imposing an alternating voltage of a given frequency across said electrodes;
measuring the dielectric response of the fluid mixture in said test cell at said temperature and frequency, and
wherein the fluid mixture is a gas mixture;
providing a reference element of given impedance, said impedance being equivalent to that of a reference cell having equivalent operating characteristics to those of the test cell, said reference cell having a gas mixture of methanol and water of a known ratio and of a known temperature and pressure and being operated at the same frequency as that of the test cell, and which further comprises:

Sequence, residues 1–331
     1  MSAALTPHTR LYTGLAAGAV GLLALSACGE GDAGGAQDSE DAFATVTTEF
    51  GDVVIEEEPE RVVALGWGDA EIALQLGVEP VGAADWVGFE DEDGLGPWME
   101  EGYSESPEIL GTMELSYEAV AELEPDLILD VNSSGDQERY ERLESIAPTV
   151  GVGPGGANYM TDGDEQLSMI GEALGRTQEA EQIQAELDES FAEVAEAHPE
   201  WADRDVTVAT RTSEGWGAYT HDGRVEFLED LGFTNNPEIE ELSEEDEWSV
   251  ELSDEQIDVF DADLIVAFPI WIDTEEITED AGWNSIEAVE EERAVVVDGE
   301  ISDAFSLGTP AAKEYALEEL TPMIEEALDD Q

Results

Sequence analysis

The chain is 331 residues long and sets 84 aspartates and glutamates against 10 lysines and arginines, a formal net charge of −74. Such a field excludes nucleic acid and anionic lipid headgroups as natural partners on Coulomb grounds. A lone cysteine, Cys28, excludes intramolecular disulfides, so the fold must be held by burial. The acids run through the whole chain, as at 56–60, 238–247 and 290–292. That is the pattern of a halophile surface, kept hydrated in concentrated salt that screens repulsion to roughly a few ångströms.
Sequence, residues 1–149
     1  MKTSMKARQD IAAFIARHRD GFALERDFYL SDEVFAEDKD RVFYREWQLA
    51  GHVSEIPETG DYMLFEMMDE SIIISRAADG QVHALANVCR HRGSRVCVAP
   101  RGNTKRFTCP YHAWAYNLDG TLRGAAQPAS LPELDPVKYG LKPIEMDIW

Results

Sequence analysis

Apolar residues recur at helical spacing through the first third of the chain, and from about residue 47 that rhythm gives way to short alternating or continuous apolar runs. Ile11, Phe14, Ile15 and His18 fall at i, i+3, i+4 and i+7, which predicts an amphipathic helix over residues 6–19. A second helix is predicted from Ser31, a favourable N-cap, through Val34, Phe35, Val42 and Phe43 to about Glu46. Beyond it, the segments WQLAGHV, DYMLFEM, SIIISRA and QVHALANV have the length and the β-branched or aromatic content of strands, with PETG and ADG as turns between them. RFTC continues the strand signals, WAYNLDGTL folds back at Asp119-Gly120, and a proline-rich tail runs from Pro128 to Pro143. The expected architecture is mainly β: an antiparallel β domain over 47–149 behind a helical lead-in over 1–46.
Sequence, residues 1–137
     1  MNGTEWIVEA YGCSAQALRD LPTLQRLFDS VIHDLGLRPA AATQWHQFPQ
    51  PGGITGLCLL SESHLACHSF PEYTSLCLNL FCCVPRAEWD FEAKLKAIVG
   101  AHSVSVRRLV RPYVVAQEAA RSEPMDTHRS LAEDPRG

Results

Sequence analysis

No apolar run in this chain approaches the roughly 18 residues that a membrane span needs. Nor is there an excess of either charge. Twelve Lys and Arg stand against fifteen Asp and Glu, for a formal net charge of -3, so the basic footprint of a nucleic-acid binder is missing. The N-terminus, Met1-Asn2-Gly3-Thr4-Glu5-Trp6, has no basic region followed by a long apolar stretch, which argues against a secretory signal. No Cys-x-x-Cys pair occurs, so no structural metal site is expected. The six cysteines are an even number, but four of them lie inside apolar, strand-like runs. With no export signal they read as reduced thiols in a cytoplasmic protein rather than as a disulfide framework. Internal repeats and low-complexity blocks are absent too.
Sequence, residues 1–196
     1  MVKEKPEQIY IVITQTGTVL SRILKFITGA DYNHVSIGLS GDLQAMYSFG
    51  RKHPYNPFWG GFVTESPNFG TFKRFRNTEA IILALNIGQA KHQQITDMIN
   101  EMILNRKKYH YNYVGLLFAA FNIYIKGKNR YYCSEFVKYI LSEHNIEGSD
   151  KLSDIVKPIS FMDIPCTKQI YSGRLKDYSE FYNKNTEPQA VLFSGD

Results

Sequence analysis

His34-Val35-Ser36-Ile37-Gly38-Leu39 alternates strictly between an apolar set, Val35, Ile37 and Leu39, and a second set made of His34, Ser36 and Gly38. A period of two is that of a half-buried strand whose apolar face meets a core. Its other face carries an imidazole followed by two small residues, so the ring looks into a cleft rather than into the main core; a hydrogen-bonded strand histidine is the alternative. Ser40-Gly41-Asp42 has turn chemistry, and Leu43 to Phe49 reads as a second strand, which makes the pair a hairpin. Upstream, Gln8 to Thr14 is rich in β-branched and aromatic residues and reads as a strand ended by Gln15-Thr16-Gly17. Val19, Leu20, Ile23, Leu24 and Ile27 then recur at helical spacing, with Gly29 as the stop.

measuring the temperature and pressure of the gas mixture being tested,
measuring the impedance of the gas mixture in the test cell, comparing the impedance of the test cell to that of the reference element so as to determine the capacitance of the test cell, and
determining the ratio of methanol to water in the test cell on the basis of the capacitance, temperature and pressure of the gas mixture in the test cell.
12. A sensor for determining the ratio of two components in a test fluid mixture, mixtures with different ratios of said components having respectively different dielectric constants at a given frequency of an imposed alternating voltage and at a given temperature of said test fluid mixture when said test fluid mixture is subjected to said alternating voltage, said sensor comprising: